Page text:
A day after the Associated Press identified a suspected former Nazi SS commander as a 94-year-old northeast Minneapolis man Friday, the question among many baffled observers may be: How?
At least that's what the Christian Science Monitor is asking as news spreads around the world, both literally and virtually. In "Minnesota Nazi: How did Nazi Hunters miss Michael Karkoc?," CSR takes a historical view on the Ukrainian's reputed past as a Nazi commander.
"'Nazi hunters have had major successes and notable failures in finding and deporting Nazis," reports the Monitor, without saying which category Karkoc is in. "If the allegations are true – and authorities in the US, Poland and Germany are now looking into the Associated Press report – Mr. Karkoc, who is in his mid-90s, could have his US citizenship revoked and be deported."
Karkoc has not responded to reporters who have come to his home in the St. Anthony West neighborhood, but his son, Andrij Karkos, read a statement late Friday denying the AP story and claiming it defames his father, who came to the United States in 1949. (The son spells his last name different than the father.)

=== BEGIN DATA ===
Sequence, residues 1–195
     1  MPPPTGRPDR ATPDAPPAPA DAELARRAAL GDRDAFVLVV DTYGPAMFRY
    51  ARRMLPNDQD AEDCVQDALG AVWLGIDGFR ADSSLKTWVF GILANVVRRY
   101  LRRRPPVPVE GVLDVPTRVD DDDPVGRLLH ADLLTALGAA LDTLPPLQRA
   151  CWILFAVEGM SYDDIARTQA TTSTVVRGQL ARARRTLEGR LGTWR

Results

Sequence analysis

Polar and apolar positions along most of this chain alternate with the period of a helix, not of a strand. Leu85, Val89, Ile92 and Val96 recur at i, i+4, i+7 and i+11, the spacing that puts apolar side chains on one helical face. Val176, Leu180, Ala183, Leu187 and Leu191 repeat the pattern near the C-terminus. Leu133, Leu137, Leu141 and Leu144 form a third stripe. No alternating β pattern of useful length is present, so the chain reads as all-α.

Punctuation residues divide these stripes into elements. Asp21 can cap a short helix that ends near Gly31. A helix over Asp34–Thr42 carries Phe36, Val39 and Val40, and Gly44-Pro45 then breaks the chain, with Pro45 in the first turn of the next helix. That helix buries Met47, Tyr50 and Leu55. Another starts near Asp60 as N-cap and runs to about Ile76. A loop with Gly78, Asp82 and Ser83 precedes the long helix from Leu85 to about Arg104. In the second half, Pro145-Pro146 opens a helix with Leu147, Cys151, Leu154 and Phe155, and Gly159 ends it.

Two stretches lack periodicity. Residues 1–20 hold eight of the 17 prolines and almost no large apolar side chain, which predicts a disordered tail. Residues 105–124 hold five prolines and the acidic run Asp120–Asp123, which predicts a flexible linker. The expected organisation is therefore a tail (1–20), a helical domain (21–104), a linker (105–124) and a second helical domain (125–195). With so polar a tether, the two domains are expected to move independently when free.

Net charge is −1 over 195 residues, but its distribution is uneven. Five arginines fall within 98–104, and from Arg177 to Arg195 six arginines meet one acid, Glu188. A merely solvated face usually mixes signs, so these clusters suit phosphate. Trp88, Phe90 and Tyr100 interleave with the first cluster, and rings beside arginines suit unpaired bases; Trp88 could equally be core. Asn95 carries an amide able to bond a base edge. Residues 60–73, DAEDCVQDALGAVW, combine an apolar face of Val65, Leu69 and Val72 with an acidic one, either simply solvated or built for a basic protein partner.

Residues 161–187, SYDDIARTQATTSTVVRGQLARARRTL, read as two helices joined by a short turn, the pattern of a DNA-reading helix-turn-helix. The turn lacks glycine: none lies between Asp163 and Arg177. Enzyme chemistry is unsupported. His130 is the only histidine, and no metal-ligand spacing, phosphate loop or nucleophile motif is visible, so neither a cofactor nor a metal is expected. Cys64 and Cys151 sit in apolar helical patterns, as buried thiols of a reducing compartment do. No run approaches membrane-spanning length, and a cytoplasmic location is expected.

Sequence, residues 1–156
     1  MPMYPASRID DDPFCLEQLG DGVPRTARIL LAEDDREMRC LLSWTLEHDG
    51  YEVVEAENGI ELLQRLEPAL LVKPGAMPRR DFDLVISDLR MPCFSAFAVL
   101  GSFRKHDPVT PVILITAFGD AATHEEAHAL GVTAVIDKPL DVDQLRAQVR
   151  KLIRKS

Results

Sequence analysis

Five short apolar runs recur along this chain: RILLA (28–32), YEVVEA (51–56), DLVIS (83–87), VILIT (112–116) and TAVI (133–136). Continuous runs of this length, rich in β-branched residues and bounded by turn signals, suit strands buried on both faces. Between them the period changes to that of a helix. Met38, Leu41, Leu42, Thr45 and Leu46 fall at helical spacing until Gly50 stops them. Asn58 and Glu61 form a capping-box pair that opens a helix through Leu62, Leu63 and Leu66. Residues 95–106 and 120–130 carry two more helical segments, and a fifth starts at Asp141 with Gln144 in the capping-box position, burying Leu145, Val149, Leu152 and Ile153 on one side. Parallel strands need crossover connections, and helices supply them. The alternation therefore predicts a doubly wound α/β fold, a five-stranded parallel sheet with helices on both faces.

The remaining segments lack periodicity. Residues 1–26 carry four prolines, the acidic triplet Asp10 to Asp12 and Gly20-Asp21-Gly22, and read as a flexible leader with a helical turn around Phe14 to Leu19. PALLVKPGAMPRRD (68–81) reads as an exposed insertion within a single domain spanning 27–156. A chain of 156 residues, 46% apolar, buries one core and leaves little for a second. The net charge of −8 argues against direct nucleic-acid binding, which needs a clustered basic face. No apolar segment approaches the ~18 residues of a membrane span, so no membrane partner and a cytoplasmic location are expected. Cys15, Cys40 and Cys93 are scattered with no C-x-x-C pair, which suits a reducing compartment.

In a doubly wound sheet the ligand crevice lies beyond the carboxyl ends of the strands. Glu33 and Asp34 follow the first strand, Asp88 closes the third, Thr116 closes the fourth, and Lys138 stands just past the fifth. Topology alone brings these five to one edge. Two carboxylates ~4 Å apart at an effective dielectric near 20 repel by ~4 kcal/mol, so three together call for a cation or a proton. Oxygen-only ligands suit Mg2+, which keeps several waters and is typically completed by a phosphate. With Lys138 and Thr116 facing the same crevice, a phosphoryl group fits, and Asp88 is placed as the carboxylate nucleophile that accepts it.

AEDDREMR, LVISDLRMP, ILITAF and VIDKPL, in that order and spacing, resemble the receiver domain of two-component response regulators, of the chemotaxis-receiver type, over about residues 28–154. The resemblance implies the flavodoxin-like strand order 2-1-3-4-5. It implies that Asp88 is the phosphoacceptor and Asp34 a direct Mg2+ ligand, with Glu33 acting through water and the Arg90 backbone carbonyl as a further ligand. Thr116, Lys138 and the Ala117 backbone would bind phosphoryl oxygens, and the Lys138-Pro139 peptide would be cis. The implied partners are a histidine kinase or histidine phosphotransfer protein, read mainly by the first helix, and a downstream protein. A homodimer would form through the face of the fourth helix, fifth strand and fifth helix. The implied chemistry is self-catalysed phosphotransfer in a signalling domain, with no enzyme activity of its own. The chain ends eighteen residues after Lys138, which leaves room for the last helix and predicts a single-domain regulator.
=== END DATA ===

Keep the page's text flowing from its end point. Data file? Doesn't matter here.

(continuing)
"Though records do not show that Karkoc had a direct hand in war crimes, statements from men in his unit and other documentation confirm the Ukrainian company he commanded massacred civilians, and suggest that Karkoc was at the scene of these atrocities as the company leader," the Post quotes the AP. "Nazi SS files say he and his unit were also involved in the 1944 Warsaw Uprising, in which the Nazis brutally suppressed a Polish rebellion against German occupation."
ABC News reports the Department of Justice, which handles such cases in the U.S., would not comment on an open investigation.
USA Today, meanwhile, is running the son's denial.
The UK's Daily Mail has a story and pictures that show a man claimed to be Karkoc -- "living in secret for the last 60 years in Minnesota" -- wearing a National World War II Museum cap to his church's Father's Day celebration, while "enjoying his quiet life in America."
The Huffington Post is running another AP story which talks to Karkoc's friends and neighbors.
Oh, yes! The neighbors. KARE 11 is all over that uniquely local angle. "If you want to blend in, this is the place," Phil Cross tells the station about his neighborhood, placidly perched on the east side of the Mississippi in northeast.
Another neighbor raises a good question: He wonders where Karkoc is now.